Americans of a certain age well remember the halcyon and prosperous days of the 1940s through the ’70s and ’80s when most towns possessed at least one textile manufacturer and possibly a heavier industrial plant as well.
Actually, many towns had more than one textile producer and plant employing hundreds of local residents. Dozens of places were also railroad centers with fleets of freight and passenger trains passing through daily.
McComb, Miss. — my hometown — was a major rail center due to its fortunate location on the “main line of mid-America,” the 500-miles-plus north-south artery operated by the Illinois Central Railroad Co. That route was traversed daily from Chicago to New Orleans by famous passenger trains such as the “City of New Orleans” and the “Panama Limited” and freighters carrying lumber, steel and other commodities throughout the country.
Located near the Mississippi-Louisiana line and 100 miles north of New Orleans, McComb also was home for decades to railroad shops that employed up to 2,000 people in wide-ranging mechanical jobs required to keep the engines running. Many more locals held on-train positions like conductor, engineer, switchman and brakeman. Most of the railroaders were paid handsome, above-average wages for work that did not require a college degree.
That whole scene — except for the Amtrak-operated “City of New Orleans” passenger train going north and south daily — essentially played out in the mid-1970s among massive railroad cutbacks. The town was hit hard by the loss of those good jobs. Many another town knew that awful feeling then and later with the loss of their light and heavy industrial employers.
The United States simply cannot survive in the long run unless it somehow undergoes another industrial revolution and begins making “things” again. If China, Malaysia, Vietnam and Japan, et al, continue to run economic/industrial circles around us, this nation is doomed without ever suffering another military blow.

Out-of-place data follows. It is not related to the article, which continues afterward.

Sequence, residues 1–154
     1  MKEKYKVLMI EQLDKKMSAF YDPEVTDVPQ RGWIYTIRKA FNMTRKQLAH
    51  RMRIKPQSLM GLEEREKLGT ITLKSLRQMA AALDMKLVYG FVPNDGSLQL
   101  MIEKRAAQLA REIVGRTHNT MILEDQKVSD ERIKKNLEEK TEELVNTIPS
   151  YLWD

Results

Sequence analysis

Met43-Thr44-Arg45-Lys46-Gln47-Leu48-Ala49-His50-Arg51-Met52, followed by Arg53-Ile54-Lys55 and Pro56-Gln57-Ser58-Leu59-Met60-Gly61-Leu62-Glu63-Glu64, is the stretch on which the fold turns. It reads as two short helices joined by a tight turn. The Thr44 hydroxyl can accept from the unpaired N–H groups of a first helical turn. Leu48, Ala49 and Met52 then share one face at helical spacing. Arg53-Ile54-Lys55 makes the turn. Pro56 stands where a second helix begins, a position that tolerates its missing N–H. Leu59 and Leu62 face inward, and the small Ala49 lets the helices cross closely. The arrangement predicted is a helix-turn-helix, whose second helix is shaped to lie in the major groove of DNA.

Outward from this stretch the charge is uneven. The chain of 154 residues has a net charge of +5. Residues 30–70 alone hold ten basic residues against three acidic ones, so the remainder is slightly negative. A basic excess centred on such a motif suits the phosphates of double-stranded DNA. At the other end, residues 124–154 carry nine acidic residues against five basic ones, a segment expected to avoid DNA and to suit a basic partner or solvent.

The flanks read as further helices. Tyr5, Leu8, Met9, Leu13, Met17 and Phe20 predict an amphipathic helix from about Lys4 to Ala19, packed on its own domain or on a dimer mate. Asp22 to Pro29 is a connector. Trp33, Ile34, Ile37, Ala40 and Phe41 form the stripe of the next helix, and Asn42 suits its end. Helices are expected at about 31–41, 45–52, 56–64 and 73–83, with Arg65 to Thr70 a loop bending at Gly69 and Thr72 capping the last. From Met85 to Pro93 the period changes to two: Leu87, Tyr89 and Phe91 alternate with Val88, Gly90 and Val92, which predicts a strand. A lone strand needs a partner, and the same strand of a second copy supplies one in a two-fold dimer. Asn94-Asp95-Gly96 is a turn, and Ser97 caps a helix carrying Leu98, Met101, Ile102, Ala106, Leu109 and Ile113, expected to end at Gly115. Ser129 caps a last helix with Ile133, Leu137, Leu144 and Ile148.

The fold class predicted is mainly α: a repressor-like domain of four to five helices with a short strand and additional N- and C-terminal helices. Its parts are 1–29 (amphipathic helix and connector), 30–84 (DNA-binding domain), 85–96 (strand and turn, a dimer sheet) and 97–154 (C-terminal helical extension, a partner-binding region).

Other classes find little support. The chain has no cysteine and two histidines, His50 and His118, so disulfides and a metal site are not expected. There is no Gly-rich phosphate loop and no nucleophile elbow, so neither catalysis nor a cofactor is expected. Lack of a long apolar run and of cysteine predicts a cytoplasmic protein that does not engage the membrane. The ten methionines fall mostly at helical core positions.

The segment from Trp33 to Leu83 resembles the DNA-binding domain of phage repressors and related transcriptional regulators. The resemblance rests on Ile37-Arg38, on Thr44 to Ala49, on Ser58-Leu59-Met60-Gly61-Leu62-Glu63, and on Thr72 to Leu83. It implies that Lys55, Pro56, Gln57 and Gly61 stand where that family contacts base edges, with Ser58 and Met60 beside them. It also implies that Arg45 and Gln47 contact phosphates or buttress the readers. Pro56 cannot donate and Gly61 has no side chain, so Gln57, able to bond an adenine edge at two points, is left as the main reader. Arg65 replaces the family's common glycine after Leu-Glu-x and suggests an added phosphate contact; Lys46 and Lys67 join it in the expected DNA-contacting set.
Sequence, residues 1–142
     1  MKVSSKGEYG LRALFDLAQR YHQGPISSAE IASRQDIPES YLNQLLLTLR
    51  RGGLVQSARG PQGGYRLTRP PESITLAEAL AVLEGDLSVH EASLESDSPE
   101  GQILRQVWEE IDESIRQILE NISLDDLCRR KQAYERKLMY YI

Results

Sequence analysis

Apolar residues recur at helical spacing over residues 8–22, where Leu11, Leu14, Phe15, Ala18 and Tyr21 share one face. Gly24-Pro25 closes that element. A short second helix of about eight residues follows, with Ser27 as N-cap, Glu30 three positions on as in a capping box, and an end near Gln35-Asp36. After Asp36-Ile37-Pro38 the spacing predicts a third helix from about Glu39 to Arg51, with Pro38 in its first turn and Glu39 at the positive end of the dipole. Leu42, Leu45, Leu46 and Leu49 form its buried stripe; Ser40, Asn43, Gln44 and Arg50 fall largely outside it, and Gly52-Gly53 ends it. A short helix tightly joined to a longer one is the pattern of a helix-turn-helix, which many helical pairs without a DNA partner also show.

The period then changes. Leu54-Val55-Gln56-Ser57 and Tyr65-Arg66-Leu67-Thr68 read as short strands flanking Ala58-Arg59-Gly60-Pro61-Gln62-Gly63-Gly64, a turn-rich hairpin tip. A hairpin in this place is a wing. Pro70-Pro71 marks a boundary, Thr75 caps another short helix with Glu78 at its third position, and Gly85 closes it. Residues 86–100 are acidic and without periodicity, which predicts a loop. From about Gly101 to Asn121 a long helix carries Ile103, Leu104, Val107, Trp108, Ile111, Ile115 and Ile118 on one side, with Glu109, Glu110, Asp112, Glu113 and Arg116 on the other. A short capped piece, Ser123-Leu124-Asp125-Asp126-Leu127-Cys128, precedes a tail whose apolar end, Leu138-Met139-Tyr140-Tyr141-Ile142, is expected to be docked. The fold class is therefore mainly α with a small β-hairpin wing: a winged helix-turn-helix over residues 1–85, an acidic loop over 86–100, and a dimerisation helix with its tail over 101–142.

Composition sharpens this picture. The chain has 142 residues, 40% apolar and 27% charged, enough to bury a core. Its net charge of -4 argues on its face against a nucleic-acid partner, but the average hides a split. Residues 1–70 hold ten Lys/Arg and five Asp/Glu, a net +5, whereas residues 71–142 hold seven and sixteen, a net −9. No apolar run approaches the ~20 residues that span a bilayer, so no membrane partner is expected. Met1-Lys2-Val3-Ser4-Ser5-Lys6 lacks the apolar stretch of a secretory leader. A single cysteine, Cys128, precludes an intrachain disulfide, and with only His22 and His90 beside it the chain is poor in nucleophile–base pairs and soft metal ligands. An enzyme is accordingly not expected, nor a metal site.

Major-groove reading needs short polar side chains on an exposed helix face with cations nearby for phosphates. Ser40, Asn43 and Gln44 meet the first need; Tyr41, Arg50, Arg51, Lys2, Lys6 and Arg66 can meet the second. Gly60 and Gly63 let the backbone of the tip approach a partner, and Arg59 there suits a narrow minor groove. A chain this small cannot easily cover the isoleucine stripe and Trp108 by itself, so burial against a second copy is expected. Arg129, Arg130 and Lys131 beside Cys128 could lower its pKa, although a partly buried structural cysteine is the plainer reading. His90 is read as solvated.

Recently during the “65-mile garage sale” that began on Highway 37 in Fort Gaines and ended in Camilla, my wife was fascinated with a decorative item for sale in a store along that route. Thinking it had been produced locally, I also deemed it worthy until I realized it carried a “Made in China” tag.
I have never bought into the theory that this country could survive with a service-industry-only business atmosphere, as, I believe, some learned leaders wrongly contend. We must make stuff.
When U.S. industrialists move a plant offshore, it often seems greedy on their part. I realize that many times, it is more complicated and calculated than that, but if the move generated only slightly more profit than they could earn here, I rate it as flat-out greed. Why not make a little less money and keep more Americans working?
Failure by the U.S. education establishment can also be blamed. We have not adequately trained our workforce for today’s industrial jobs. The American home has not taught discipline, loyalty and determination — all essential to the workplace — as it once did.
There is plenty of blame to go around for our economic predicament.
Mac Gordon is a retired reporter who lives near Blakely and writes an occasional opinion column for The Albany Herald.